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Renaissance - Turn Of The Cards CD (album) cover




Symphonic Prog

4.09 | 592 ratings

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2 stars I'm not fond of Renaissance's music, and this album epitomizes why (well, at least if we stick with the Haslam lineup - I'm not touching that debut). "Pretty," perhaps, quotes intentional, but it does not get its fingers dirty, does not innovate, does not push. This record is a mush of second-rate Rach-inspired piano and mediocre "folksy" melodies. The music is sterile, with the vocals almost completely divorced from the accompaniment, and the musicians sound bored. But, most of all - and this is, I believe, the most serious insult you can level at a prog band - there is little desire to shape and explore the music. Once in a while the band will jump in the water, mostly to spin around some male-on-female (hot hot hot) vocal harmonies, but in the end there is little to the music other than an empty "majesty," quotes again intentional. An airy symphonic theme, followed by some tumbling piano, perhaps sing the theme wordlessly, rinse, repeat.

Things I Don't Understand is probably the most worthy composition here, featuring a strong (if lifeless) melody and plenty of vocal reprise. Unfortunately, said reprise simply collapses into "now we're going to sing this louder" mode with flaccid orchestral accompaniment, and we're back to square one. The melodies are regimented and do not flow, yet they do not feel strict either. Rather, they sound as if they don't mind being there, but won't hesitate to leave your ears alone if you feel like they're bothering you. I Think of You is an even worse offender - an excruciatingly mediocre ballad that loves sending me mixed messages (Are you a prog band or not, Renaissance? You "love me every way / Love me like a friend?" Where the hell do we stand, woman?) Perhaps the least appetizing aspect of this song in particular is Haslam's "soaring" (lots of quotes today) vocals at the end. Yeck. Totally unconvincing.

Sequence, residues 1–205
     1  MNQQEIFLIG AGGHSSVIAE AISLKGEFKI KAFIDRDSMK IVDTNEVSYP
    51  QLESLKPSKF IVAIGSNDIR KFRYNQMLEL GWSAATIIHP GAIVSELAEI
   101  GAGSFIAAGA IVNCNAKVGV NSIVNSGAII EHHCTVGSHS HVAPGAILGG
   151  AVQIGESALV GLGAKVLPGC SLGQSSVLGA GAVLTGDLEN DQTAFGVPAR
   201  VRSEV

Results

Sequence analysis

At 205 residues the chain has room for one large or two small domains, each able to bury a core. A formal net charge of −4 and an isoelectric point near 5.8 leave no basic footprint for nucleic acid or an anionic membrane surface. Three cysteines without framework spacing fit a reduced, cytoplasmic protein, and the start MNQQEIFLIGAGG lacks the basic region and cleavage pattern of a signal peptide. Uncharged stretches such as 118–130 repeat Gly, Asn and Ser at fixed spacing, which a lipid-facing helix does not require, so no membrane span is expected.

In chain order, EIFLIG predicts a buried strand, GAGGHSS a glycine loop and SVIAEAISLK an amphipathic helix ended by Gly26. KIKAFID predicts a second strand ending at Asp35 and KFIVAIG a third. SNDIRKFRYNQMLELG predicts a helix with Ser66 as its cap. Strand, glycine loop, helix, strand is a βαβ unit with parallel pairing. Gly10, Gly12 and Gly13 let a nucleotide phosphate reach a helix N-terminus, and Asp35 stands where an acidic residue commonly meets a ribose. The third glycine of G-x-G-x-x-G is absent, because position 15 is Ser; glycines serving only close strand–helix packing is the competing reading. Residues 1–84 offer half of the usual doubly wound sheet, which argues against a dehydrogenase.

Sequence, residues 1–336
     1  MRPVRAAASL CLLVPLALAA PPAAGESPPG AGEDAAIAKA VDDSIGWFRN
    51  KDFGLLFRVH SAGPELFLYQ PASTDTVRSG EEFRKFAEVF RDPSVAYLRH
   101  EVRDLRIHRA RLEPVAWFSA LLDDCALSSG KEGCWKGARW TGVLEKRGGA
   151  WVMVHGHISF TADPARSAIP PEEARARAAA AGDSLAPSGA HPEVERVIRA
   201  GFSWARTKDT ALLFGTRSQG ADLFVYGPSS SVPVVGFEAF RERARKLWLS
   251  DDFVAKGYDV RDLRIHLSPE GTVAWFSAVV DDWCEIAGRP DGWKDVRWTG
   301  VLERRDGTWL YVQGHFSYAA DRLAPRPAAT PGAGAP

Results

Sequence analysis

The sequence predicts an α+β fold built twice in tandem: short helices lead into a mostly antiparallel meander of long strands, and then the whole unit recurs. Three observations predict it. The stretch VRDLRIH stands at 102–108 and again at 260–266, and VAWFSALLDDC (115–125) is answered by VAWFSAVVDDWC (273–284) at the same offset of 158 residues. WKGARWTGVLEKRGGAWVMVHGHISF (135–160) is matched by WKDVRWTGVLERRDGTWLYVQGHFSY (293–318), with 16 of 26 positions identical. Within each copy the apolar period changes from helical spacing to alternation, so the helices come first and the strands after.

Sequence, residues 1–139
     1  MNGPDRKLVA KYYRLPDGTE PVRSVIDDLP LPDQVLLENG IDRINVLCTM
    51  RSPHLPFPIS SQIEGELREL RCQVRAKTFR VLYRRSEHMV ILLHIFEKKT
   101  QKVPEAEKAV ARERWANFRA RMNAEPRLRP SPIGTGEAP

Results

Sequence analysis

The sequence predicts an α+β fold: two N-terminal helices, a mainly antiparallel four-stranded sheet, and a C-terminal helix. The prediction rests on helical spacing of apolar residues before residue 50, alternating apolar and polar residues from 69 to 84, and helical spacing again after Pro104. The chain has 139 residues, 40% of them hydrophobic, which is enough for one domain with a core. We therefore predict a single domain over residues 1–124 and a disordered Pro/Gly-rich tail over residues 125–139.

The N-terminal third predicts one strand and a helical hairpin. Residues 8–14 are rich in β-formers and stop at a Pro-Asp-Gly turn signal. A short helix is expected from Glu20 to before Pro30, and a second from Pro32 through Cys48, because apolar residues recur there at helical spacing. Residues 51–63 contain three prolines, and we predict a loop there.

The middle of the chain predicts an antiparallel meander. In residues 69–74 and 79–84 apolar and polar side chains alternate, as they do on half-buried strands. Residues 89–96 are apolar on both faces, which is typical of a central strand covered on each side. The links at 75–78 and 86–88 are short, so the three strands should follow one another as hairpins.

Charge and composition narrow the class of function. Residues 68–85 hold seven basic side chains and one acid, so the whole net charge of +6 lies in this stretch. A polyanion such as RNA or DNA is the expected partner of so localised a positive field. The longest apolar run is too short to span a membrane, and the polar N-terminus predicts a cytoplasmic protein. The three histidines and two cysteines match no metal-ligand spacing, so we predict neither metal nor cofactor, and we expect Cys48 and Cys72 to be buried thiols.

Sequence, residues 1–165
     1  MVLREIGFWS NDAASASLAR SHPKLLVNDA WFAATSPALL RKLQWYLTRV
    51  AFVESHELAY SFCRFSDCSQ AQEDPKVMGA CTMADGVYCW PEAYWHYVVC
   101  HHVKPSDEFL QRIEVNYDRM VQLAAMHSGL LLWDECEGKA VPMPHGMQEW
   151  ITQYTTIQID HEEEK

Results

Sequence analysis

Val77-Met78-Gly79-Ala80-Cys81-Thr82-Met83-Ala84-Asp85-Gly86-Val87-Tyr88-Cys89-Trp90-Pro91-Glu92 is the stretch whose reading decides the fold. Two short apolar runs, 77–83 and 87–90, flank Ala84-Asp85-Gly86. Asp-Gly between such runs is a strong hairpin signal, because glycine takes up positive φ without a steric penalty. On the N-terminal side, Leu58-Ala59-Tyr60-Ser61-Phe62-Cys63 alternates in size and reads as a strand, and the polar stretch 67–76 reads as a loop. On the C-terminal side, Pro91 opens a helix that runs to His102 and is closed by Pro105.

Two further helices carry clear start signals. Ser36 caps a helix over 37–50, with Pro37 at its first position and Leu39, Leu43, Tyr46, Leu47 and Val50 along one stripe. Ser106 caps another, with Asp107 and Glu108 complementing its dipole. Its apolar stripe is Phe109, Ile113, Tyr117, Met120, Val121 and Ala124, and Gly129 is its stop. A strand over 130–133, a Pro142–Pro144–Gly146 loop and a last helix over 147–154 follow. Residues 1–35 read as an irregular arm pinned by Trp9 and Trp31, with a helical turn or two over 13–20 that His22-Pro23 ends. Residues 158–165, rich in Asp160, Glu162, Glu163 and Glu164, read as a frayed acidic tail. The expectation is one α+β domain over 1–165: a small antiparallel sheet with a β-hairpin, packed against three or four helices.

Also of note is Cold Is Being. The music is surprisingly fine, probably due to being some sort of baroque adaptation (like I know who any of those guys are, plebeian), but I can't help but marvel at its poor adaptation. The vocal lines have an incorrect number of syllables to suit the melody properly - how does a band that considers itself worth its salt make such a blunder, or believe that such a mistake is permissible? It's not even as if they were kept that way due to artistic license...the lyrics there feel as phony as anything else on the album.

This album is not a complete loss, mostly due to the writing (*not* the performance) of many of its vocal melodies and harmonies. However, I cannot in good conscience call it "good," as the three-star rating demands. So, two stars.

Postulate | 2/5 |


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